Everything from the murderous blood stained Sky Daddy who drowned virtually all humanity and other life, sentenced everyone to leave Utopia after Eve (persuaded by a talking snake) ate a magical apple, had Jonah take a ride in the belly of a whale, ruined the life of Job, told Abraham to murder his own kid, killed all the first born of Egypt, had his chosen people commit genocide on the original inhabitants of Palestine, to letting his own son be nailed to some wood so mankind could party with a ghost - is a FAIRY TALE that humanity needs to reject if we are to see many more generations.

By the way if you are dumb enough to believe that this fable is real; in the Bible, the murder count is God/millions - Devil/zero. Whom would you rather spend time with, a vengeful monster or a “fallen” angel who thought he had a better way? I am NOT promoting the Devil, just illustrating the craziness in this stupidity.

Hopefully if you were previously deluded, after reading this you will see how foolish you have been. Society needs to accelerate its retreat from worshiping outlandishly absurd fictional psychopathic beings.

There is no middle ground.

For one, there clearly is a debate if half the country believes one thing and the other half believes another (and half don't know one way or the other - and I know that doesn't add up to 100%).

If there is a debate, then schools would be a great place to have the debate.

If there isn't a debate then there should be some scientific experiment that should be done in every school to show evolution between species. Schools are a great thing for classic experiments like gravity, chemical reactions, red blood cells under a microscope, etc.

I even heard they were considering doing a Mythbusters on natural selection vs. creation but couldn't come up with a way to prove evolution or disprove creation (or vice versa).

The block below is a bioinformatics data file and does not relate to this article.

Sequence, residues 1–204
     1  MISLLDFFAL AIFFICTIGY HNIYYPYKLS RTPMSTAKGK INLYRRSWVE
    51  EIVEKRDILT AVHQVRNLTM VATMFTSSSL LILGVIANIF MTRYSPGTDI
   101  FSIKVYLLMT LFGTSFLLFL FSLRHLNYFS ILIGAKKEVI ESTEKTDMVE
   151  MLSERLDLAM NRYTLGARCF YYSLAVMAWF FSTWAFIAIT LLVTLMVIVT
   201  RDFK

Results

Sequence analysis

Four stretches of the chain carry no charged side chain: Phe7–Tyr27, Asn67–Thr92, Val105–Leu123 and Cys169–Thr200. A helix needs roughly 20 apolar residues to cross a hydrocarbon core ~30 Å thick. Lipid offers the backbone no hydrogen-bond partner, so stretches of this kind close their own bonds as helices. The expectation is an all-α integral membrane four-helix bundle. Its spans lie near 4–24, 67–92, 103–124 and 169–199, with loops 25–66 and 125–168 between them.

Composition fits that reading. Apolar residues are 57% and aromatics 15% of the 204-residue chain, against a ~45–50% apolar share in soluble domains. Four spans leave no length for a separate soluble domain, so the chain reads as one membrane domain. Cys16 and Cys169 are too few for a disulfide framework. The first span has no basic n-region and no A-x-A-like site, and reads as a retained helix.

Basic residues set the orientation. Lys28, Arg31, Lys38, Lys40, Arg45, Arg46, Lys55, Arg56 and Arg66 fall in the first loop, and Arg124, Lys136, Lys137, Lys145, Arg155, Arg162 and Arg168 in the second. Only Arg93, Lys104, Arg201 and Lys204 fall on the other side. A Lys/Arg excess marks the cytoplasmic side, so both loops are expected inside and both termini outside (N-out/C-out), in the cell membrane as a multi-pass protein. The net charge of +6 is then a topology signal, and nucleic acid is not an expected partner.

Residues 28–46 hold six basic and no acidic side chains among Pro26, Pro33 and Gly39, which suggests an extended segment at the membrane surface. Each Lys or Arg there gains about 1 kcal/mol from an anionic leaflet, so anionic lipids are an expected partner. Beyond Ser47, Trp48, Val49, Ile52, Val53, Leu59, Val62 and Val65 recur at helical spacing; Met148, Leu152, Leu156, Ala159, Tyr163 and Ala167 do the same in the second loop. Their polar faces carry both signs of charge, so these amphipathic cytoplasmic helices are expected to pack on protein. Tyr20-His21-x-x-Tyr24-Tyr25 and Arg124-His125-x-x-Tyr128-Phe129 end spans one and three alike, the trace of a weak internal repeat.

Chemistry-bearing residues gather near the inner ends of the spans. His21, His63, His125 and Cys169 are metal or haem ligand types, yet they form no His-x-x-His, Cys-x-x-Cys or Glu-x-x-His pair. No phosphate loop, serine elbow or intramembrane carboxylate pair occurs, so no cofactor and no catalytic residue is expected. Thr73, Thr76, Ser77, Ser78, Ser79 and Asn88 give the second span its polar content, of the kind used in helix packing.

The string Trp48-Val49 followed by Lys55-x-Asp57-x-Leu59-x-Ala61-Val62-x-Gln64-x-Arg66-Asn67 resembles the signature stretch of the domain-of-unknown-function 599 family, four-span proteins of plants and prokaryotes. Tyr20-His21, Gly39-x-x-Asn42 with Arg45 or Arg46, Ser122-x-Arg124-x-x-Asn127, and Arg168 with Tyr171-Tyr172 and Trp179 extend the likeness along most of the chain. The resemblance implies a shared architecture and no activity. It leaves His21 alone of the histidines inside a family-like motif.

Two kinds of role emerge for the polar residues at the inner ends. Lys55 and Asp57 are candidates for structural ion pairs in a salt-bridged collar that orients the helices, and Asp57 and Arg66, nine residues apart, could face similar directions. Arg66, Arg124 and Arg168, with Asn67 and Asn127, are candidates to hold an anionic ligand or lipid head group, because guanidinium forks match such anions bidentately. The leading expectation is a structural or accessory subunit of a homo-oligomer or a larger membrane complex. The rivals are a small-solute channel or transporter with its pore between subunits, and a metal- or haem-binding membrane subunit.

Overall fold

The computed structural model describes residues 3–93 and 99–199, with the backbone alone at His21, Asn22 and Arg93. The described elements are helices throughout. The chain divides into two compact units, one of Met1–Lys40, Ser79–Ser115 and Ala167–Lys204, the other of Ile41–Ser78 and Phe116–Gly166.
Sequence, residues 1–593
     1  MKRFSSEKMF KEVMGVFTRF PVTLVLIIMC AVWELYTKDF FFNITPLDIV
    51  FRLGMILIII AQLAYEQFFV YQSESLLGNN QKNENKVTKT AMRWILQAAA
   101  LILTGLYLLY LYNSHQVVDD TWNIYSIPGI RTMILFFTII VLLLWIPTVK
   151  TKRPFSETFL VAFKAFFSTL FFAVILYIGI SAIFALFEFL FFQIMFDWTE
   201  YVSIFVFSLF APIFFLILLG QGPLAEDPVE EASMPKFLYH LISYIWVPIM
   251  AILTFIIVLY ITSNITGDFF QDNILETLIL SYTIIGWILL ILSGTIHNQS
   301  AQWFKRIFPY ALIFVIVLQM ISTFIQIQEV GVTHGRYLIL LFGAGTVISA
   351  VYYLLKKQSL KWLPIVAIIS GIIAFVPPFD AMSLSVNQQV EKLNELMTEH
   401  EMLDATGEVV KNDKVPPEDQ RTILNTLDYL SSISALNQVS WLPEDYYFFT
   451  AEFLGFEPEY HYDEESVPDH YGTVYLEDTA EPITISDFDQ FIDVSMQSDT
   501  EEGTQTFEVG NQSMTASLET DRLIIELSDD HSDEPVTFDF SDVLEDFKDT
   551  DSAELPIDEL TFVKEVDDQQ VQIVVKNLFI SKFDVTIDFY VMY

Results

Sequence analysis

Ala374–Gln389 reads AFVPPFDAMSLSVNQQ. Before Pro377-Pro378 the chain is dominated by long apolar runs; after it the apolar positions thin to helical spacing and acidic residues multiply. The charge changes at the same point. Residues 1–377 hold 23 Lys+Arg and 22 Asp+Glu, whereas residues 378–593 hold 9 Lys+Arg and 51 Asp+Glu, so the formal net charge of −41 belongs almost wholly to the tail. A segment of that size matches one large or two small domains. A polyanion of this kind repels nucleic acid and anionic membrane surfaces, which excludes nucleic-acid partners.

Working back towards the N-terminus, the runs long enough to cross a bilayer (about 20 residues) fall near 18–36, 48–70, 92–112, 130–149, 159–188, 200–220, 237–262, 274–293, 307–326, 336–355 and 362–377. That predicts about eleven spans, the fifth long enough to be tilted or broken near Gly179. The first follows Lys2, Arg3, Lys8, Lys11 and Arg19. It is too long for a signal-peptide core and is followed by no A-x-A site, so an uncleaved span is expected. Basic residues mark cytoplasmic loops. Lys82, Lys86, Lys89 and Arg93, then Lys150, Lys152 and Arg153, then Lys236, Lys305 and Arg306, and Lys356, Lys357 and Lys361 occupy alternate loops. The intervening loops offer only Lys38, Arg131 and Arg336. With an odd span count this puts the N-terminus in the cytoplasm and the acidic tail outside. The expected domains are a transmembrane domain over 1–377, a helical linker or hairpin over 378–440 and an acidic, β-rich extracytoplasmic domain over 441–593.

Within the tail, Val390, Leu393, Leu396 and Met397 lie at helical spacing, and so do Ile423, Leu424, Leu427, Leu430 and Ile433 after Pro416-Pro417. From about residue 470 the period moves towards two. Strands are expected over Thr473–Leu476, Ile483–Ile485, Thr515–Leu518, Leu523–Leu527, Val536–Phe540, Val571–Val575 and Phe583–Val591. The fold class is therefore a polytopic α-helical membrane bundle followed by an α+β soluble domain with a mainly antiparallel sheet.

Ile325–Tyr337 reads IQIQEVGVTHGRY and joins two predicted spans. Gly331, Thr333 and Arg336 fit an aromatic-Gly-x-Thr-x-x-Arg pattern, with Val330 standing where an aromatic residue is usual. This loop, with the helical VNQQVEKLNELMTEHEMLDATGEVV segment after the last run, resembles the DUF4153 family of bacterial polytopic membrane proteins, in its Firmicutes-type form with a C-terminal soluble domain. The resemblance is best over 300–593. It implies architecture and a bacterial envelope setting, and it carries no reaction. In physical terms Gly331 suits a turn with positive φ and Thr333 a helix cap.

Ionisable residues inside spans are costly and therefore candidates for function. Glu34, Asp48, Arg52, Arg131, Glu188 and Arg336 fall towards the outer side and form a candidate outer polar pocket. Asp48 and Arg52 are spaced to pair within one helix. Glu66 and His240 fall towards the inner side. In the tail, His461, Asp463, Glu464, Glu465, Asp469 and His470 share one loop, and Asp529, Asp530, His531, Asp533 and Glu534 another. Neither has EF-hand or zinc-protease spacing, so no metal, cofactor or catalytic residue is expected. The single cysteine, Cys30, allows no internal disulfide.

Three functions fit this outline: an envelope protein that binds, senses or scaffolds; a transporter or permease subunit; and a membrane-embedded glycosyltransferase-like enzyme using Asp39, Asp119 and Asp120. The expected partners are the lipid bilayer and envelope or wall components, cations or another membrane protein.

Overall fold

Maybe not as "vetted" as we've been asked to believe.

Debate? Hardly. There's the theory of evolution, which is overwhelmingly accepted by the scientists whose specialization it's relevant to (read: those who know what they're talking about). And there's a lot of creationist bullshit being thrown at it for political and religious reasons - particularly because it contradicts the literalist Christian view of man being directly created.

When one side has evidence and the other is occupied full-time with finding ways to lie about and marginalize that evidence because it has none of its own, that's not called a debate. That's a propaganda campaign, and we would be doing all of our children a disservice if we allowed the propaganda to control the way they're taught.

Hell, even if there *were* a real debate about it, with evidence on either side, K-12 is not the place to have it. Science classes at that level just give a condensed background of their fields; it's our responsibility to give our students the most accurate information we have about the world, and in that respect evolution is right up there with gravity and plate tectonics. Or should we have a "debate" about plate tectonics, too, since it can't be conveniently demonstrated in a classroom?

bruce, not being able to demonstrate evolution in a high school classroom does not mean that it is not a scientifically valid and accepted theory. For example, demonstrating geologic processes that take millions of years would be quite difficult to reproduce experimentally in a classroom.